Ken Chisholm, RN
Navigating the path to becoming a OR nurse can be complex. If you are looking for a career in the OR, these tips should get you headed in the right direction.
1. Ask yourself what kind of OR nurse you want to be.
There are three different positions within an operating room, and each has a very different role.
A scrubbing nurse is responsible for setting up the operating room, inspecting the tools and handing them over to the surgeon when needed during the surgery. After surgery the nurse removes the tools and prepares patient for post-op.
A circulating nurse is responsible for overseeing the procedure, instead of directly participating in it. This nurse will inspect surgical equipment, verifies patient identity, goes over patient's history and any special concerns with the surgeon, and patient's history with surgeon and anesthesiologist, and makes sure the entire procedure follows hospital procedure.
The RN First assistant is the final OR nursing position. This position is totally different. You must have years of nursing experience in the OR, because you are directly assisting the surgeon.
2. Be flexible in what it takes to get there.
New or inexperienced nurses often complete “externship” or “residency” programs within the Surgical Services Department. Occasionally these new nurses will enter at a slightly lower pay scale until they become “up to speed” in skills and competency.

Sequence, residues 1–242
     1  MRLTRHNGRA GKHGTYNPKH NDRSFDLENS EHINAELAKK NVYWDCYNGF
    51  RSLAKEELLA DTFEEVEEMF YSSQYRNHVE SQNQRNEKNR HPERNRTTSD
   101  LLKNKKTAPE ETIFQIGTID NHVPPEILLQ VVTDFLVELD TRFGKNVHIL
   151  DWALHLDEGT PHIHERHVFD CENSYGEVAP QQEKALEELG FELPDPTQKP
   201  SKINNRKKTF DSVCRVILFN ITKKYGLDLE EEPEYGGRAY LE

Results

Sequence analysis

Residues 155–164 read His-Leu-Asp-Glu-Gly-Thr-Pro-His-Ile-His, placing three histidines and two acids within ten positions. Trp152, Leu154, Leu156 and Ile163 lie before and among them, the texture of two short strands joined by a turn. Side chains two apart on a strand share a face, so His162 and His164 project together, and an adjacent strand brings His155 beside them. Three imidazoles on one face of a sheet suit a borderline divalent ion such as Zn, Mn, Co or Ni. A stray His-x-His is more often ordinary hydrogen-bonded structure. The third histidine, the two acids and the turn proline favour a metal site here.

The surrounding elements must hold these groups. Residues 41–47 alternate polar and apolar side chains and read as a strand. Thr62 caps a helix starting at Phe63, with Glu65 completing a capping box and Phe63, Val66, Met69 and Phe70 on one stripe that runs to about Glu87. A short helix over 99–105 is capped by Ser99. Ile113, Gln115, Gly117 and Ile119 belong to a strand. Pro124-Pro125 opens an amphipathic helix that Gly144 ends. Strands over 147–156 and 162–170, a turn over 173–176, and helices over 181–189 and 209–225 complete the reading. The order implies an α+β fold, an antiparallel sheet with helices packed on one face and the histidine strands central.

Many Surgery Departments will mandate at least one year of Med./Surg., or perhaps even Critical Care experience to be able to demonstrate basic nursing competency before adding the specialization that an OR nurse must develop.
If an employer mentions this type of setup, don’t be alarmed. It’s all part of the process, and will make sure you are prepared for the OR.
3. Do your research!
Every hospital and OR is completely different. Keep these questions in mind when researching an opportunity in the area of surgery! (tweet this)
- Your personal interests
- Scheduling: Full Time, Part Time, Per Diem, “Traveler”
- Your level of expertise and overall experience
- Geographic requirements (if any). Are you willing/able to relocate?
- Desire for shift work, weekends, “call”
- Special area(s) of interest versus availability (you may have to get into an OR and function in a variety of areas before branching off into one specialty).
- Income requirements
- Religious beliefs
- For example, Pro-Life vs Pro-Choice and how you feel about controversial procedures such as pregnancy terminations, sterilization procedures (male & female)
If you have the opportunity to meet and speak to someone who works either in the area of specialty that interests you, or who works for a particular facility that you’re considering for employment, don’t pass it up. Valuable insights can be gained from those encounters which can dramatically enhance your ultimate decision-making.
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Ken Chisholm is a guest contributor to the Relode Vital Signs blog and the Program Director at The Wound Care & Hyperbaric Center at Mercy St. Charles Hospital in Oregon, OH. He has over 20 years of experience in surgical nursing, clinical leadership, and provides great information to Relode users looking to grow professionally.